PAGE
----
Do I wrap in foil, on a high or low heat in the oven etc:confused: Its quite big and would like to cook in the morning as I want to serve cold sliced with the roast dinner. We have friends coming and need the oven space for yorkies and roasties.

    Any advice greatly appreciated OH likes his beef medium rare, but know sometimes people like it cooked well with their roast dinner.

    Thanks guys

    PP
    xx
    To repeat what others have said, requires education, to challenge it,
    requires brains!

    FEB GC/DIESEL 200/4 WEEKS
  • chatta
    Just taken my large lump out now. I wrapped it in foil, cooked it for about 20mins on really high and then turned down to medium for about hour or so (till it smelt nice) then turned it down again for another hour. I like it well done, dont like blood or want to catch any nasty things :rolleyes:
    • newleaf
    • By newleaf 9th Sep 06, 3:17 PM
    • 3,006 Posts
    • 3,449 Thanks
    newleaf
    I'm no expert on meat cookery myself, but this link might help.
    http://www.hybucigcymru.org/index.php?lang=EN&navId=15&conId=461
    Official DFW Nerd No 096 - Proud to have dealt with my debt!
    • nearlyrich
    • By nearlyrich 9th Sep 06, 3:22 PM
    • 13,335 Posts
    • 16,542 Thanks
    nearlyrich
    I mix some mustard powder with plain flour and season with black pepper then coat the fat with it. ( As per Delia Smith) Then 30 mins in a very hot oven uncovered and rest of the cooking time at gas mark 5, depends on the weight and how you like it done, I like rare beef so not too long here. Then after it has finished I leave it for about half an hour wrapped in foil to rest whilst I cook the yorkies and finish of the roast potatoes in a very hot oven.

    I make gravy with the juices in the cooking pan and with the juice that comes off the meat whilst it is standing.

    Good luck it sounds like your place is the place to be for dinner tomorrow.
    Free impartial debt advice from: National Debtline or Stepchange[/CENTER]
    • angchris
    • By angchris 9th Sep 06, 3:30 PM
    • 1,159 Posts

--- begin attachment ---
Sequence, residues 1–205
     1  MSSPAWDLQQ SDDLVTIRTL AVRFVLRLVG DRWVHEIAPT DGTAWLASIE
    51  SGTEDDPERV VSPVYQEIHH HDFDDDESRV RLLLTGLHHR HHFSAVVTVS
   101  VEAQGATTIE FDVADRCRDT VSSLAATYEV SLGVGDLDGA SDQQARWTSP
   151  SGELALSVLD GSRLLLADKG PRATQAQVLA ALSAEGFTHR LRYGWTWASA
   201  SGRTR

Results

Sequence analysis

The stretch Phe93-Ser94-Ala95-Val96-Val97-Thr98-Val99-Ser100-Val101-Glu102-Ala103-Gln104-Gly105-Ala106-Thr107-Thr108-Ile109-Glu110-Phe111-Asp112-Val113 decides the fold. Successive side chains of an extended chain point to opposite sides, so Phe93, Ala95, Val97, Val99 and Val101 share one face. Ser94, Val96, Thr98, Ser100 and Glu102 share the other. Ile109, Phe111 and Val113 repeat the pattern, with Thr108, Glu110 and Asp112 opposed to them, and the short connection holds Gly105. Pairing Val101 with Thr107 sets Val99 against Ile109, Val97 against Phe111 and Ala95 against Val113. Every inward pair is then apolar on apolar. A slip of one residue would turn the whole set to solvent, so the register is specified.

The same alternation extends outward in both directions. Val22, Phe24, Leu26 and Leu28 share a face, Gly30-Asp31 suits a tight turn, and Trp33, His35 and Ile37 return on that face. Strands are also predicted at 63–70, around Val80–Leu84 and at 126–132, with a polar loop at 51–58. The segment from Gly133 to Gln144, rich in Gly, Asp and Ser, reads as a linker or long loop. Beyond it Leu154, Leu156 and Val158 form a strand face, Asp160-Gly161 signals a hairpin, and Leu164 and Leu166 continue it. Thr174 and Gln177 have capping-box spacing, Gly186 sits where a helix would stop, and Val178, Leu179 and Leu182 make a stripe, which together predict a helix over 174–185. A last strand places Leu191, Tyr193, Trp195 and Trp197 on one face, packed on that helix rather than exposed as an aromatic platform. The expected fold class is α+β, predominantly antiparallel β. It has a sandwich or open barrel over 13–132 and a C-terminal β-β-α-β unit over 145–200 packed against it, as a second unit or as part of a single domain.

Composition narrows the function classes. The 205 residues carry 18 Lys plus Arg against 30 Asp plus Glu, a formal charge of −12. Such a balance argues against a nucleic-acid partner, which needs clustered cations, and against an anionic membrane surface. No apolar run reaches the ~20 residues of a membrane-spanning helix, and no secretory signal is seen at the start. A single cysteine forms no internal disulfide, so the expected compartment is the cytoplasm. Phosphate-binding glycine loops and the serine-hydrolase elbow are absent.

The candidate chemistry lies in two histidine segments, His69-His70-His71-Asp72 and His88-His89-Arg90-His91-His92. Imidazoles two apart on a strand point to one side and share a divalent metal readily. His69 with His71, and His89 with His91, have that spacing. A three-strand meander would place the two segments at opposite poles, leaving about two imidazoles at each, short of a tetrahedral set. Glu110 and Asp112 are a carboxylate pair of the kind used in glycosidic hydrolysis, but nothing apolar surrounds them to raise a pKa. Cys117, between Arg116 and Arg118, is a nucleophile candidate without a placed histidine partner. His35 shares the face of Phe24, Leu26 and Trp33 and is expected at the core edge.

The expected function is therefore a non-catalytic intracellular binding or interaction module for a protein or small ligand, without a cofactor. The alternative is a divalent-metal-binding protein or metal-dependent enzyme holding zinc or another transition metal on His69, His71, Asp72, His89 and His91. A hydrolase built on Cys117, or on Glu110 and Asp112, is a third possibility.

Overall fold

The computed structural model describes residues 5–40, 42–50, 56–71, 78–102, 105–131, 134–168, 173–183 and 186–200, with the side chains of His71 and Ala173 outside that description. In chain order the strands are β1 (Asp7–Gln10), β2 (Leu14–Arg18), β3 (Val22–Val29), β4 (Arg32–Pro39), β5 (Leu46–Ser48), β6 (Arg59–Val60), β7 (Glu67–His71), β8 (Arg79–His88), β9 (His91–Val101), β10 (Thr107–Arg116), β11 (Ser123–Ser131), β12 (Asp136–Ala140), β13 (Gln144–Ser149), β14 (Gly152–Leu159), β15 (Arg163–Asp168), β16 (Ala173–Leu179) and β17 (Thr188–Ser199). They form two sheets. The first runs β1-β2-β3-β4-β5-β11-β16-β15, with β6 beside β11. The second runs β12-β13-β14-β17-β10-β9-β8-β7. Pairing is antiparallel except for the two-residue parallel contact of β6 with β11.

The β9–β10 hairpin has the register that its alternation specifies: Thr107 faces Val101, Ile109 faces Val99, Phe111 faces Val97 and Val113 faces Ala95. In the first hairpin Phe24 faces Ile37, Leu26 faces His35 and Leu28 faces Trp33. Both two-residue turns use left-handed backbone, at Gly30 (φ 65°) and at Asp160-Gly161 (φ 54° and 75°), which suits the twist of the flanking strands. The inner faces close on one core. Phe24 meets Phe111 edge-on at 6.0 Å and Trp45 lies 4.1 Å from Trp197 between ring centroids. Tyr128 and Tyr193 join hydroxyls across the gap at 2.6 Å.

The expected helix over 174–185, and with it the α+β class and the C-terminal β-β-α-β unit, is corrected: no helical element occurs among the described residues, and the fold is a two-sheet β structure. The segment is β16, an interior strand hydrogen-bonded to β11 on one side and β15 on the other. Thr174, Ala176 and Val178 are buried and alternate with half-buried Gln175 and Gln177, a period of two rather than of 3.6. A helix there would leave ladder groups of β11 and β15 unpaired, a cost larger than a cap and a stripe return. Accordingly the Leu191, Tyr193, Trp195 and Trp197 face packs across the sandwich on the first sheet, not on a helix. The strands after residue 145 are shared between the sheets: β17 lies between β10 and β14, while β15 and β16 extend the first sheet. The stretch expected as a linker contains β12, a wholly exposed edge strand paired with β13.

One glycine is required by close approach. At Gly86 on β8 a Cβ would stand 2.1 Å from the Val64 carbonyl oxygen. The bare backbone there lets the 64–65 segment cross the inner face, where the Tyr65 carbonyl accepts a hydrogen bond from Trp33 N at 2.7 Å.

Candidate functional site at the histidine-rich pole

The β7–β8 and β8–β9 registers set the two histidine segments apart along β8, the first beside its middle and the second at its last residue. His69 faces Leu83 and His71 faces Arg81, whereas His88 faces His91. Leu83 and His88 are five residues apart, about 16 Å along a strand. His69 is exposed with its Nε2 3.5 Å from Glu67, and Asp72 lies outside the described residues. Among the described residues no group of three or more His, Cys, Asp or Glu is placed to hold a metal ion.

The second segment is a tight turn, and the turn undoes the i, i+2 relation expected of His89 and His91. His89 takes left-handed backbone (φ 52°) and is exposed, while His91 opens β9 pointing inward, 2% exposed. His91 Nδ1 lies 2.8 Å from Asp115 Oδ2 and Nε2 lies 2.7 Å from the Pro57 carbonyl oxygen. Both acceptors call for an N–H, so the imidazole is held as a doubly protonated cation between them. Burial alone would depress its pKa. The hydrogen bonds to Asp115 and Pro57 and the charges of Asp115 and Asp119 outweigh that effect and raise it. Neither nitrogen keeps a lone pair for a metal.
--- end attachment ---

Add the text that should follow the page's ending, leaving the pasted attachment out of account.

• 2,221 Thanks
    angchris
    can i come for dinner please???beef sounds lovely! i havent even thought of todays tea yet let alone food for 2moro im so disorganised compared with you guys :rolleyes:
    proper prior planning prevents p!$$ poor performance!
    Only when the last tree has died and the last river been poisoned and the last fish been caught will we realise we cannot eat money
    quote from an american indian.
    • hex2
    • By hex2 9th Sep 06, 7:16 PM
    • 4,722 Posts
    • 80,174 Thanks
    hex2
    the scientist cook chappy on the tv (cant remember his name) says that you should cook it long and slow. valid scientific reasons apparently!
    I took his advice last time with a big piece of rib and it did come out very well.
    'If you have a garden and a library, you have everything you need' Marcus Tullius Cicero
  • aurora borealis
    I've got beef too

    Long and slow for me, I like it rare
    de do-do-do, de dar-dar-dar
    • susank
    • By susank 9th Sep 06, 7:26 PM
    • 796 Posts
    • 932 Thanks
    susank
    Sprinkle it with a little salt ( only a little) and wrap in foil and roast till you like it - the salt makes a lovely gravy and I like mine long cooked and well done. I actually like my roast beef cooked the day before as its easier to slice cold!.


    If you can why not set the oven to come on early in the morning and it will be cooked by the time you get up.
    Saving in my terramundi pot 2, 1 and 50p just for me!